Project Linchpin aims to provide an AI infrastructure. “The goal is to create a complete and efficient AI and ML development and delivery pipeline for sensor programs within PEO IEW&S to provide needed capability while managing cost and risk.” said Kitz. “And it has the potential to create a new, dynamic marketplace for industry partners to compete and deliver the best tools, algorithms and models.” He said that, pending OASA(ALT) concept approval in fiscal year 2023, a campaign of learning and formal initiation of Project Linchpin would follow. After that, an S&T transition plan could be implemented along with future contract activities.

In terms of overmatch, Anderson compares AI and ML capabilities to the advantage night vision provided the Army when it was first fielded. “You can make a direct comparison in that night-vision goggles and optics allowed the Army to ‘see’ where there was no visibility. AI and ML capabilities for sensors, like object detection, provide overmatch by going one step further—AI allows sensors that can see to detect, recognize and identify. They can perform functions that only human eyes could do, but they can do it faster and at scale across the entire battlespace.” Project Linchpin is critical because it provides the mechanism to continuously deliver that advantage to sensors so the Army can make decisions faster than its adversaries and enable targeting and overmatch with long-range precision fires and other effects.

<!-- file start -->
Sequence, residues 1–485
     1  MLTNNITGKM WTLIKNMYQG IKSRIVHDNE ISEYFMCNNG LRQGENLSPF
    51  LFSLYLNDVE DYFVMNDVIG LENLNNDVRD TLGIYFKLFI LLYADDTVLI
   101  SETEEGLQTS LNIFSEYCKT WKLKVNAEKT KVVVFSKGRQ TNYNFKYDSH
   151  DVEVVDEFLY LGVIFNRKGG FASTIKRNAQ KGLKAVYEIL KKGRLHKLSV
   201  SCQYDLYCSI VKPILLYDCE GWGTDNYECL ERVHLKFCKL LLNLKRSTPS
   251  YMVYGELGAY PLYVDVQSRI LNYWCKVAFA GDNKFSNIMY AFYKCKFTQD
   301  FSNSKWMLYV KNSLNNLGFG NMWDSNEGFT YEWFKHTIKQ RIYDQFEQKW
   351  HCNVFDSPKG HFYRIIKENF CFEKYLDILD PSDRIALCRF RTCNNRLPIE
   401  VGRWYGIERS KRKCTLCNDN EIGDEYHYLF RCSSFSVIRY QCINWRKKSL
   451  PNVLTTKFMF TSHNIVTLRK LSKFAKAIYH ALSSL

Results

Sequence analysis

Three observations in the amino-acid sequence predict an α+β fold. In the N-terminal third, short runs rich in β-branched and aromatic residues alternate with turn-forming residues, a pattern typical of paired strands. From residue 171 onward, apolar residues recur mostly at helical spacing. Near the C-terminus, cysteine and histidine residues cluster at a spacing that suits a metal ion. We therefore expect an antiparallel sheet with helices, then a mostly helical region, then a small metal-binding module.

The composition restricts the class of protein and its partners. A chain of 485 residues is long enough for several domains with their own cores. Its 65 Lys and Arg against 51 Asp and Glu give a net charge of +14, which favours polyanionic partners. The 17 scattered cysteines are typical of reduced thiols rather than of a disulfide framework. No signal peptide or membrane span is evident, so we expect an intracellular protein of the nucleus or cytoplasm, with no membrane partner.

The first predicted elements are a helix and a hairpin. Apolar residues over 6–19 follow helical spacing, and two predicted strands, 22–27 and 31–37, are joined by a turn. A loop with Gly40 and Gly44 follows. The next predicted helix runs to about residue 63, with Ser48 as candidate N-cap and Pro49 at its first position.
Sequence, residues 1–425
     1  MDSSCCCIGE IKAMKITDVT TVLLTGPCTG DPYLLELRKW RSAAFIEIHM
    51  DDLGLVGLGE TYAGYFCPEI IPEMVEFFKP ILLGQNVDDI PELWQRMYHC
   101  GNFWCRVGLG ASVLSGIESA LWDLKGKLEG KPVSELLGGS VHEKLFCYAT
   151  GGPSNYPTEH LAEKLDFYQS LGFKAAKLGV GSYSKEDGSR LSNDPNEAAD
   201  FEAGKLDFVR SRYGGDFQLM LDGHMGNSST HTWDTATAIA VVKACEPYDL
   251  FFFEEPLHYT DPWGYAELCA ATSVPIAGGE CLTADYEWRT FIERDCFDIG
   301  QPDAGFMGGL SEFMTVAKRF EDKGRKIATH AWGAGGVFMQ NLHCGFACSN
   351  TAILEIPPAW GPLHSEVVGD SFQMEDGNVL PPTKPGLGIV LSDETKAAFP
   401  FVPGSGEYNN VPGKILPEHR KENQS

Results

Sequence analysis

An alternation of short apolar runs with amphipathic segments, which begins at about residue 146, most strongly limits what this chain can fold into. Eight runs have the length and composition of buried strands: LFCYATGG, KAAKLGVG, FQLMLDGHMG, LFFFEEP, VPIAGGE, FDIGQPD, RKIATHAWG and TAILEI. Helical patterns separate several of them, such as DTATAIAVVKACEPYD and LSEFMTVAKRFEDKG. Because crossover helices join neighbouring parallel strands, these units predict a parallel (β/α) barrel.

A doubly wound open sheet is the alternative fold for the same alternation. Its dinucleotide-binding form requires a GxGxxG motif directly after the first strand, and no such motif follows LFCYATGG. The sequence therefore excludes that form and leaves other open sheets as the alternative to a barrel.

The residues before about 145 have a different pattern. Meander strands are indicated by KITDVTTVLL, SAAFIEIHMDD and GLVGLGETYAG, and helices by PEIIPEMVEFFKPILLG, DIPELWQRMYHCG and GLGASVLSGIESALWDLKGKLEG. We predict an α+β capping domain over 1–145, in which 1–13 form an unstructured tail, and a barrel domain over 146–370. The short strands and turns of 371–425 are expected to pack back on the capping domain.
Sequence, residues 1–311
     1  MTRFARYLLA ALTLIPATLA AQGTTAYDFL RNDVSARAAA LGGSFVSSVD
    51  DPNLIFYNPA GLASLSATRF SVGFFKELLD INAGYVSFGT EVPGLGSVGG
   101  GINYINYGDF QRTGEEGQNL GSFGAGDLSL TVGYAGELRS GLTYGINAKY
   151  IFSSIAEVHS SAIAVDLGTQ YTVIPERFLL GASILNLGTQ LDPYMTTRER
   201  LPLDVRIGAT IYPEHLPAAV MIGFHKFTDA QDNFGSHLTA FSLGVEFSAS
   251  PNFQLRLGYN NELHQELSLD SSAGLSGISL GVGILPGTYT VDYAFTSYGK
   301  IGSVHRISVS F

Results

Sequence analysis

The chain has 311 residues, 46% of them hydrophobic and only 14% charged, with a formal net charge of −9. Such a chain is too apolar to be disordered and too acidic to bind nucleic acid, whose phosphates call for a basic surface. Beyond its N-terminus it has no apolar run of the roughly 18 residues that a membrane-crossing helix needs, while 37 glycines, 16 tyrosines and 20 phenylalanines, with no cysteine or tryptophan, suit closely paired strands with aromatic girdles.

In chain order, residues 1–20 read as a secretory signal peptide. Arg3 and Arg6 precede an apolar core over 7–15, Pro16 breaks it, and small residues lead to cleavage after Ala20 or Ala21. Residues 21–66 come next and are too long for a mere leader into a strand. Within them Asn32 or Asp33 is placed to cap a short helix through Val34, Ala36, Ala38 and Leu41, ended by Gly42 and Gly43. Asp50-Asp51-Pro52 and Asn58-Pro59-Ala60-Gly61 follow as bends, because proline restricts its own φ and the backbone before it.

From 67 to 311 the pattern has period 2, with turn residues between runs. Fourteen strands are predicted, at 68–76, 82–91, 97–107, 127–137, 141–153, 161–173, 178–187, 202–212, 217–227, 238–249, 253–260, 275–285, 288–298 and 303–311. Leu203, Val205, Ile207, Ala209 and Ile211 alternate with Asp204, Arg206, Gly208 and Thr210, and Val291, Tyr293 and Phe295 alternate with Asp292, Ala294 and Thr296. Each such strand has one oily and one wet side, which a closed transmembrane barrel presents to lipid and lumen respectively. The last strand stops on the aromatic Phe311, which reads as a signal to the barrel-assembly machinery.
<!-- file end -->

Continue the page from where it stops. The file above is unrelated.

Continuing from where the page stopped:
For more information, go to https://peoiews.army.mil/ or contact Larry Glidewell at  larry.d.glidewell.ctr@army.mil. 

CHERYL MARINO provides contract support to the U.S. Army Acquisition Support Center at Fort Belvoir, Virginia, as a writer and editor for Network Runners Inc. and Army AL&T magazine. She holds a B.A. in communications from Seton Hall University and has more than 20 years of writing and editing experience in both the government and commercial sectors. In addition to corporate communications, she is a feature writer and photojournalist for a biannual New Jersey travel magazine.

    



Read the full article in the Winter 2023 issue of Army AL&T magazine.